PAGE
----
Dawn of War 3 also has a “speed limit” via its system of match phases, where player’s economies are influenced by the match phase system in a way they have no control over.
Thus, a “speed limit” is a constraint placed upon players by a game that alters or restricts how they play without their input, control, or influence.
Both “speed bumps” and “speed limits” are a way to control or influence the pace or progress of RTS gameplay. Typically, “speed bumps” feel better to players because it allows them to take affirmative actions towards addressing the system.
You could call income itself a sort of speed limit as well, I suppose. For practical purposes though, players are in control over how quickly they go about expanding their economy, which makes it more of a speed bump type system in the terms I’ve defined above.
(Why) Are Speed Bumps Important?
Let me take a step back and talk about why this is important to me.
I’ve talked about resilience before in terms of homeostasis or equilibrium, or in terms of time-based disadvantages. Now, I’m trying to tackle another aspect this topic in terms of pacing or more specifically, in terms of systems that are designed to control pacing.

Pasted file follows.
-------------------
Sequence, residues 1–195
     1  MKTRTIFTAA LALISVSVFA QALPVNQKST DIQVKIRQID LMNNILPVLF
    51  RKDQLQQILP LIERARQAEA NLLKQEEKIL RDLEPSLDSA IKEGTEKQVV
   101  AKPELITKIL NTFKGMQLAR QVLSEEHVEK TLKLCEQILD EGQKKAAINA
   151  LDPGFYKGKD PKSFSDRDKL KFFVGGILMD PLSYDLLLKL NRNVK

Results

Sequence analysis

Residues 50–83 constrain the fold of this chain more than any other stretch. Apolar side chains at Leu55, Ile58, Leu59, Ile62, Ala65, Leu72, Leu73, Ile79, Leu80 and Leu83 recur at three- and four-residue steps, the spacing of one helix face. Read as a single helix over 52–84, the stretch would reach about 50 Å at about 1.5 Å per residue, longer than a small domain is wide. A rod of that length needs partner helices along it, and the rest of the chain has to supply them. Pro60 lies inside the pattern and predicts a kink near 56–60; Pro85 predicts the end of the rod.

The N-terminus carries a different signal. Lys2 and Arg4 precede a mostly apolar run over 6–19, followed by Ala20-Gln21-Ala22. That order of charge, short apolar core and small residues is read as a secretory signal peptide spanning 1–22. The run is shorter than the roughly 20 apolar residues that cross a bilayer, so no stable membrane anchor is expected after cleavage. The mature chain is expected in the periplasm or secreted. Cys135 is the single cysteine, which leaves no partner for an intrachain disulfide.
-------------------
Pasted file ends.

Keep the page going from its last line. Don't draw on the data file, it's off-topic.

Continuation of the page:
Let’s look at the design of Homeworld: Deserts of Kharak. In the earliest stage of the game, the players face a very delicate balance between unlocking new units, unit production, and unit upgrades. Mis-timing an upgrade could leave the player very vulnerable to having their army crushed with no real hope of reprisal and therefore basically out of the match. As I mention above, this same sort of… fragility also is in evidence in many C&C titles: if I lose the wrong structure, or get behind in tank numbers, or pick a poor tech window (thus putting me behind in tank numbers) it could mean the end of my base and/or the match itself for me.
So anyway, to summarize: resilience to me is how easy it is to keep players in the “fun” or engaging parts of the gameplay and how easy it is for players to find themselves in the worst parts of the game’s possibility space, whether winning or losing.